04 July 2013

Harisho Studio - sekka shibori

Sekka shibori fabrics.

Sekka kimono.

As part of a textile study tour, our group visited a true rara avis of Japan - the last remaining studio producing traditional sekka-style shibori fabric. 

First, have you ever made paper snowflakes?  The process involves folding paper, snipping into the folds, and then carefully opening up the paper to reveal a lacey and almost magically symmetrical snowflake. My children and I used to decorate our dining room windows with these every winter.

The paper snowflake process is a very basic cousin of the process that the artists of the Harisho studio in Arimatsu use to create beautifully patterned cloth in the sekka pattern.  The Japanese word sekka is translated as snowflake or "folded flower." Narrow lengths of cotton are folded, clamped and dyed in a very deliberate manner to produce one of the traditional patterns developed over generations.

Left: rolls of cloth. right top, bottom: street, storefront of studio.

Precision-folding yards of fabric.

Stack of folded fabric grows ever higher.

It takes 12 yards or more of the traditional 15-inch wide fabric to make a lightweight summer kimono.  First, the length of fabric is folded, along its length, accordion-style - if you made paper fans in kindergarten, you've done this part. Then the folded fabric is further manipulated into triangular folds, with the help of an iron, as seen in the image above. The craftsman, or craftswoman,  also uses a spray bottle of water, as damp fabric is easier to manipulate.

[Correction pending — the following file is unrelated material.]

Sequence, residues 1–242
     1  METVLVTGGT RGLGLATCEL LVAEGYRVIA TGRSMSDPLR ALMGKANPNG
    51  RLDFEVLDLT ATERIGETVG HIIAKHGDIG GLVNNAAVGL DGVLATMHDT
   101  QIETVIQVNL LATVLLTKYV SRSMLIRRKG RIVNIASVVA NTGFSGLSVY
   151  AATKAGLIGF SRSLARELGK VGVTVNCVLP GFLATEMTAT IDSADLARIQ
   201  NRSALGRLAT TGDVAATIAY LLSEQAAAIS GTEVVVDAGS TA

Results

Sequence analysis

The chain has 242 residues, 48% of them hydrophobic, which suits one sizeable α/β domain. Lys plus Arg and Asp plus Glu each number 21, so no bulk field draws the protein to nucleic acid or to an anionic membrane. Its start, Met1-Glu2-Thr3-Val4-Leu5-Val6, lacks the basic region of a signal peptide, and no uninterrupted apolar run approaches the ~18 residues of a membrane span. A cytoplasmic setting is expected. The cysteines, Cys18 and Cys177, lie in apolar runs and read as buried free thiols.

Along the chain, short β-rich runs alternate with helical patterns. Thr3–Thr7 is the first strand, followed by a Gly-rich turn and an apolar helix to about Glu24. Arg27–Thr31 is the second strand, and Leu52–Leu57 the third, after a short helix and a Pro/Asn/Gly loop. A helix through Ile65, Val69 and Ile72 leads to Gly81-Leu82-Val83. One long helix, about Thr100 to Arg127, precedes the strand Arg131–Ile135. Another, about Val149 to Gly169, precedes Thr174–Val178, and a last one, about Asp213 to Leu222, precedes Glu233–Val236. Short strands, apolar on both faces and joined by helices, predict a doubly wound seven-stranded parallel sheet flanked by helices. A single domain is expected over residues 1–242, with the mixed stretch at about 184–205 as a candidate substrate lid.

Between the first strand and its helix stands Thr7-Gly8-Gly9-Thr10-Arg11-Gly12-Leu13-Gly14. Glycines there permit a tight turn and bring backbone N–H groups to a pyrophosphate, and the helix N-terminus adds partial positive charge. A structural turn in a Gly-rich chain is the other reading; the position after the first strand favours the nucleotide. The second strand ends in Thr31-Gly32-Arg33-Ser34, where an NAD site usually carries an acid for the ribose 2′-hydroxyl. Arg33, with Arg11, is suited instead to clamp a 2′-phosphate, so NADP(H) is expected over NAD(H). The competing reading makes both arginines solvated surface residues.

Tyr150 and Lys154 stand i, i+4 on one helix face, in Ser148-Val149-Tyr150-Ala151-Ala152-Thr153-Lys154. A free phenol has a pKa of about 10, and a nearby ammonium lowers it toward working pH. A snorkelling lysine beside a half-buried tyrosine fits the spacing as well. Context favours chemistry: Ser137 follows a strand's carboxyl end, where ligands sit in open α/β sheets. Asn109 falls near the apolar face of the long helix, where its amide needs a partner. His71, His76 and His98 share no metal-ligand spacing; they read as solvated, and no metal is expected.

Compressing the folded cloth using  a special vise.

The triangular stack of fabric is then squeezed using clamps in a vise. In the image above a kimono forms a sheer curtain behind the craftsman, whom I assume is the studio owner, but I'm not sure about this.

video


Folded and clamped cloth.

The end result is a bundle of folded fabric, each edge and face precise and crisp, clamped between two triangles of wood. The blue on the wood is the stain from previous dye baths.

Another view of folded fabric.
In the image above gives another look at the folded fabric. (The blue and white textiles behind were patterned using other techniques.) Once clamped the fabric will be dyed. There are many options for the dyer - including, for example, immersing the entire bundle in one color, or, alternatively, dipping each point  in a separate color, resulting in a polychrome effect.  Also, the folds can be varied, to obtain different "snowflake" patterns.  Traditionally, the background is left white.

Rolls of sekka cloth.

Bolts of ikat fabric mixed in with sekka shibori.

After viewing the work in progress at the studio store, we walked to the factory location, where the dyeing is done and where, I gathered, there used to be larger-scale production of sekka and mame shibori  (mame shibori merits its own blog post in the future.) There was also a display area with current and historical sekka samples. At one time Harisho was exporting shibori cloth to Africa and we saw some samples from that era, in colorways tailored to the African market.

Samples of sekka shibori for African retail.

To the rear in the image above we see traditional blue and white sekka shibori, with samples for the African market displayed horizontally, and a piece of blue and white mame shibori draped in front.

Polychrome effects - colorful snowflakes.

Factory dyeing area.

Top, cloth drying. Bottom, left: vintage packaging, right: dye vats.

During the Arimatsu Shibori Festival (future post, I promise) rolls of sekka are for sale. However, placemats and napkins can be purchased from http://shop.yoshikowada.com/boutique. The current colorways on offer are limited to blue-and-white and pink-and-white. The pink-and-white would be fun for outdoor entertaining.

Placemats and napkins to order; image courtesy Yoshiko Wada.

Historically, nappery associated with eating is where it all began in Arimatsu, and its sister village Narumi, as the inns along the 17-century road called the Tokkaido needed bulk supplies of washable towels and napkins and other items for guests making their way to Edo, as Tokyo was known then. So, everything old is indeed new again.